Allen Ginsberg was born in Newark, New Jersey, in 1926 to Louis and Naomi Ginsberg; the father was a published poet, a high school teacher, and a socialist; the mother, an enchanting free spirit, a passionate communist, and a woman who lost her mental stability in her thirties (ultimately she was placed in an institution and lobotomized). Allen and his brother grew up inside a chaotic mixture of striving respectability, left-wing bohemianism, and certifiable madness in the living room. It all felt large to the complicated, oversensitive boy who, discovering that he lusted after boys, began to feel mad himself and, like his paranoid parents, threatened by, yet defiant of, the America beyond the front door.
None of this accounts for Allen Ginsberg; it only describes the raw material that, when the time was right, would convert into a poetic vision of mythic proportion that merged brilliantly with its moment: the complicated aftermath of the Second World War…
Let’s look at this. The first paragraph is a detailed list of the specifics of Allen Ginsberg’s early life. Yes, he was born in Newark; yes, yes, his father was what Gornick says he was and his mother is described aptly. It is true he was inclined to love boys when he was young. But then the stunning line: “None of this accounts for Allen Ginsberg.” Huh? I thought in writing we build up the details and create a picture of who we are? This is exactly the problematic trick.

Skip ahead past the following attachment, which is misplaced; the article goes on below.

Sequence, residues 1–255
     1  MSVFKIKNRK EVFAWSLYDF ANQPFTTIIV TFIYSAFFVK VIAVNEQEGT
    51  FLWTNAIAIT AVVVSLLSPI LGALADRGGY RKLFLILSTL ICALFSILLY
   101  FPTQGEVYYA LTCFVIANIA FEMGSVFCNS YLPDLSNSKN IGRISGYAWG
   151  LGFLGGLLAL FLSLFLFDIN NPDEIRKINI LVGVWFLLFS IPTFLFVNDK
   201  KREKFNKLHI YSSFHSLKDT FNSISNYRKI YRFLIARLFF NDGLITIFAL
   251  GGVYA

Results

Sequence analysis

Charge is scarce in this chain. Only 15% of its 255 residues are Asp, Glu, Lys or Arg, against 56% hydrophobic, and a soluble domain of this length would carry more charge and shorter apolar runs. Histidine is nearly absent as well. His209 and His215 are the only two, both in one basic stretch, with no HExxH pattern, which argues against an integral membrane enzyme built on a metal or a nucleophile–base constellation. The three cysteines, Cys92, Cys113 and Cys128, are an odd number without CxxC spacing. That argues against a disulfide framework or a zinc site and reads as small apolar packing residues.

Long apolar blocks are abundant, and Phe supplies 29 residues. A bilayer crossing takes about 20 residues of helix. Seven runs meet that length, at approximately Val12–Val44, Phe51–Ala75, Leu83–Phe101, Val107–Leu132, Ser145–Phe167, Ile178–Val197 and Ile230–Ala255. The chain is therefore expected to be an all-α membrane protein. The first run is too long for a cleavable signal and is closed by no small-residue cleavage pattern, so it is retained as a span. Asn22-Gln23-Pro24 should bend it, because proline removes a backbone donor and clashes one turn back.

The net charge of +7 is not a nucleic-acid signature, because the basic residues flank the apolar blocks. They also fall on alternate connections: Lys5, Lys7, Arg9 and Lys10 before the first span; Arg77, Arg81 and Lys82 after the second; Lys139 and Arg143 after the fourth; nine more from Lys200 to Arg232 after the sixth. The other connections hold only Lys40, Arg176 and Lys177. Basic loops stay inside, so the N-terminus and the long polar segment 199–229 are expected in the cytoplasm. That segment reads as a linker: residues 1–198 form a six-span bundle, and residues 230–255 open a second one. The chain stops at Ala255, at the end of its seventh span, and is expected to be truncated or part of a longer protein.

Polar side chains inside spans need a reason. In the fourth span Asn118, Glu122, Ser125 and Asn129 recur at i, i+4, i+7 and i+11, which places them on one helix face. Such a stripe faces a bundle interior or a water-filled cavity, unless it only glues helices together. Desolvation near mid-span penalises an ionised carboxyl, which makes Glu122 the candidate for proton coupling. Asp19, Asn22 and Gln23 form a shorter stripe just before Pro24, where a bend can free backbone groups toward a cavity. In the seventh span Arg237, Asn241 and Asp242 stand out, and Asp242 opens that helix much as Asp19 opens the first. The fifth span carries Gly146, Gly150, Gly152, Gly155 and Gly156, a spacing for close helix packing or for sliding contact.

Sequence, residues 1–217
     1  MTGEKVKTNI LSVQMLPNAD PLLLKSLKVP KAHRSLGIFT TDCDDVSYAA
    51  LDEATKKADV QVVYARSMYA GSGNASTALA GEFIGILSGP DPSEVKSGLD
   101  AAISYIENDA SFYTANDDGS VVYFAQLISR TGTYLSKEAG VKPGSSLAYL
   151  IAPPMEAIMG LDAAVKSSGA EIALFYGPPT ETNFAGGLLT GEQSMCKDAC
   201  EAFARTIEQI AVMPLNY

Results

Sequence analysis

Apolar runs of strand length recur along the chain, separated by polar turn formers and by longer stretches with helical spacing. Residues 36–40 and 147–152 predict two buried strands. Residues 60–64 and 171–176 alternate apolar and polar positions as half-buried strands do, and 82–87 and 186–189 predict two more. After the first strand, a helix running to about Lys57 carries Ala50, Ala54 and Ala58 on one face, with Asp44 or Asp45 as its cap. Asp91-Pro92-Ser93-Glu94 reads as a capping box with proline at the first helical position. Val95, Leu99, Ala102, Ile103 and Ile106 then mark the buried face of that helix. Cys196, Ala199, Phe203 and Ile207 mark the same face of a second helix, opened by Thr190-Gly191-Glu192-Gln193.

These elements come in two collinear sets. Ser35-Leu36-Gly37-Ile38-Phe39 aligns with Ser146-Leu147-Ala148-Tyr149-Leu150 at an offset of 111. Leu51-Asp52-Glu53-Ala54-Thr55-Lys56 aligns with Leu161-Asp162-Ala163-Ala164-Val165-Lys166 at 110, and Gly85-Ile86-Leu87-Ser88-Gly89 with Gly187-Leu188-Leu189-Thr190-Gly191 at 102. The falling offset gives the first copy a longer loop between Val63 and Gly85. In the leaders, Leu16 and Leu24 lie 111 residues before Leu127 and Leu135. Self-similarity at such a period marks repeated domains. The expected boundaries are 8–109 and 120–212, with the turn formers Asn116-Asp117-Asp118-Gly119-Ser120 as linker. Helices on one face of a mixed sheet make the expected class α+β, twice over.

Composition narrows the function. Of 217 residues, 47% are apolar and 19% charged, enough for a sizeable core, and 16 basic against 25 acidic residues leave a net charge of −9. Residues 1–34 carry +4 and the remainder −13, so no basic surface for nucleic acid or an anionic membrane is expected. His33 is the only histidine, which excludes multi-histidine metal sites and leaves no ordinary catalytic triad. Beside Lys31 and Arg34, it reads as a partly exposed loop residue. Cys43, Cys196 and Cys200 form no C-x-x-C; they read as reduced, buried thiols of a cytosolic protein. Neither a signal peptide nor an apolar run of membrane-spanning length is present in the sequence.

You can be told what materials make a hand—the skin, the fine bones, the nails, the persnickety thumb, but then all the ingredients fuse and explode. Whose hand is this? A leap happens. Allen Ginsberg became a huge figure that changed the face of poetry. Notice, too, it is not only Allen Ginsberg the man, who created himself, but also his work that met the moment—he ignited with his time. Something dynamic happened.
We don’t live in a vacuum. That extra ingredient—the flint snapping across the rough edge of our era, the day the news broke, the flavor of our decade, our generation—makes the spark spring up. You never talk just for yourself. A whole flame shoots through you. Even if you’re not aware of it, even though your sorrow, your pain is individual, it is also connected to the large river of suffering. When you join the two, something materializes.
When Bob Dylan sat in the third row first seat in B. J. Rolfzen’s English class in Hibbing High School, this public school teacher had no idea that this quiet boy would, two years after he left his family at eighteen, write some of the best songs of the twentieth century.
Allen Ginsberg and Bob Dylan were brought up thousands of miles apart. Bob Dylan had stable middle-class parents. His father sold electrical equipment, stoves, refrigerators to iron ore miners in Northern Minnesota. His mother belonged to B’nai B’rith. But “none of this accounts for” Bob Dylan. Dylan took a leap into another life. As an adult fourteen years older than Bob Dylan, Allen Ginsberg heard Dylan’s songs and knew the torch of inspiration, of freedom, had been passed on to the next generation.